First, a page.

‘We Turn a Blind Eye': Boston's Police Remain Largely White

Despite vows to diversity its police department, Boston's police force remains as white as it was a decade ago, and huge barriers to diversity remain

Getty Images

For years, Boston city leaders have vowed to diversify the police department so it looks more like the community it serves. Yet the police force is just as white as it was a decade ago, and huge barriers to diversity remain, advocates say.

City officials acknowledge more work needs to be done, but insist their efforts to bring in more officers of color are slowly paying off. But critics say the city has failed to back up its pledges with meaningful action.



Watch NBC10 Boston news for free, 24/7, wherever you are.


Get Boston local news, weather forecasts, lifestyle and entertainment stories to your inbox. Sign up for NBC Boston’s newsletters.

Black and Latinx candidates still consistently get passed over in favor of white applicants over decades-old minor brushes with law enforcement or seemingly arbitrary reasons, advocates say. And some critics say the city’s talk of inclusion rings hollow while it continues to fight a long-running case won by a group of Black officers over a promotional exam a judge found was discriminatory.

“It’s an honor to serve as a police officer and serve the citizens of Boston, but to this day, I don’t feel like I have been completely accepted,” said Larry Ellison, a Black Boston police detective who’s been with the department for nearly 40 years. “The problem is we turn a blind eye and then when things explode, we try to do things piecework and we try to do symbolic things.”

The need to have police departments look like the communities they patrol has come under renewed focus amid calls for police reform spurred by police killings of Black people across the U.S. And new research recently published in the journal “Science” suggested that diversity in law enforcement can indeed lead to improvements in how police treat people of color.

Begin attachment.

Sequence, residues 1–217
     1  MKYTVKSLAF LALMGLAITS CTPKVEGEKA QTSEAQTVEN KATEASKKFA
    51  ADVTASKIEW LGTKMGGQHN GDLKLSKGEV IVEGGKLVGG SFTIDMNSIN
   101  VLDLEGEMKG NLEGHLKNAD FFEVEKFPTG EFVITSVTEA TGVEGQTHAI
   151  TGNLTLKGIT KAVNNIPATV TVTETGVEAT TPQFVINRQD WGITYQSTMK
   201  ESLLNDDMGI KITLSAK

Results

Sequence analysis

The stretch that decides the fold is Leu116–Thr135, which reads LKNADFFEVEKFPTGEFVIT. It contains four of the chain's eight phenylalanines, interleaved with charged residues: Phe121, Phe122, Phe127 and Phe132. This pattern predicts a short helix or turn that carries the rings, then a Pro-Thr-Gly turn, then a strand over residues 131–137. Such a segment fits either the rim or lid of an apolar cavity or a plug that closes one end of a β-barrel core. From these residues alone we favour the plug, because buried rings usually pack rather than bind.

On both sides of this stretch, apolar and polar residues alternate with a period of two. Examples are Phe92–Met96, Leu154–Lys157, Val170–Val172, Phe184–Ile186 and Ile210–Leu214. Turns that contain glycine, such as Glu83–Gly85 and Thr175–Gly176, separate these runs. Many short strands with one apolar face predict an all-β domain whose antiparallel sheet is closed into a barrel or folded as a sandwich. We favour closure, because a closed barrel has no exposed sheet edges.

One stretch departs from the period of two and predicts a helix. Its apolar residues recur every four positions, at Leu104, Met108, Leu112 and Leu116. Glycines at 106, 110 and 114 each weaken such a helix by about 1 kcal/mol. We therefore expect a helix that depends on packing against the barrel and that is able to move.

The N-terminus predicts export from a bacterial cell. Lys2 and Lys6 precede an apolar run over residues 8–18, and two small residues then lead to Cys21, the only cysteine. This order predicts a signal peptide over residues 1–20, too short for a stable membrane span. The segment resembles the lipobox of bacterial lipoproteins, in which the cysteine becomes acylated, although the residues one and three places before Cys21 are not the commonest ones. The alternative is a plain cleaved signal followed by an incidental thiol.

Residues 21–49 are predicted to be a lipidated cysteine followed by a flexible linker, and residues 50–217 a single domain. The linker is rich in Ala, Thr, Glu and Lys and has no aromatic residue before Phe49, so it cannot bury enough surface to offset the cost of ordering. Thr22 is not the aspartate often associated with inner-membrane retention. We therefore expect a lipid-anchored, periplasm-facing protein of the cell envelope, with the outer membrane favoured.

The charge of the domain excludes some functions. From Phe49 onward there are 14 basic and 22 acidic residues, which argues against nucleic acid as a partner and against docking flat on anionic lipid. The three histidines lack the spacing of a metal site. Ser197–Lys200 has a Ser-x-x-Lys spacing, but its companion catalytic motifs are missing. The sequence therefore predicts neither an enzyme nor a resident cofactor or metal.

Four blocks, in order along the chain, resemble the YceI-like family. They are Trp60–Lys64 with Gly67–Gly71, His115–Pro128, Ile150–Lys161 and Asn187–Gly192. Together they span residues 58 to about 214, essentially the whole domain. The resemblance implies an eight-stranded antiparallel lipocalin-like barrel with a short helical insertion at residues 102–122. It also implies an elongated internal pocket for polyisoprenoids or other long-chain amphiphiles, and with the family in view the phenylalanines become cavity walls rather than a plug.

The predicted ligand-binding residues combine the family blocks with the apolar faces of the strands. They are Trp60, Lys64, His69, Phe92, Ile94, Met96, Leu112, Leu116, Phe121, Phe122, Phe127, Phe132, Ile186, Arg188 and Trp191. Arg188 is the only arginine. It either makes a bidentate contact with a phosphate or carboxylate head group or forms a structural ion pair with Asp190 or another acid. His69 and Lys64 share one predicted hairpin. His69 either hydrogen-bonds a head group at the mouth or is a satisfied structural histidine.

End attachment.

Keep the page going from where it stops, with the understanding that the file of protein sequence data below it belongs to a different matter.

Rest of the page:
William Gross, Boston’s first Black top cop, said diversifying the department was one of his top priorities when he took the reins in 2018.

Just a day after announcing his retirement from the Boston Police Department, Commissioner William Gross is opening up about his legacy and what's next.

Yet, as of early January, Boston police were about 65% white, according to numbers provided by the department, even though they make up only about 45% of the city. The percentage of officers of color is up slightly compared to 2018, but the racial makeup of the overall force is largely the same as 10 years ago and only slightly more diverse than 20 years ago, according to data compiled in a 2015 audit of the department.

The Associated Press repeatedly requested an interview with Gross, who retired in late January, but a police spokesman said he was unavailable.

His replacement, Dennis White, the second Black man to lead the police force, was placed on leave days after he was sworn in after The Boston Globe raised questions about 20-year-old domestic violence allegations. Superintendent-in-Chief Gregory Long, who is white, is leading the department while lawyers investigate the allegations.

A group of minority officers and local ministers have called on White to be reinstated while the investigation continues, and one minister has called White’s treatment a “racial double standard.”

After just two days on the job, Boston's new police commissioner has been put on leave over decades-old domestic violence allegations came to light.

Jeff Lopes, a Boston officer who leads the Massachusetts Association of Minority Law Enforcement Officers, said they saw some progress under Gross’ leadership in getting more officers of color into specialized units and other important roles. Gross’ command staff was roughly 50% people of color, but many ranks remain overwhelmingly white.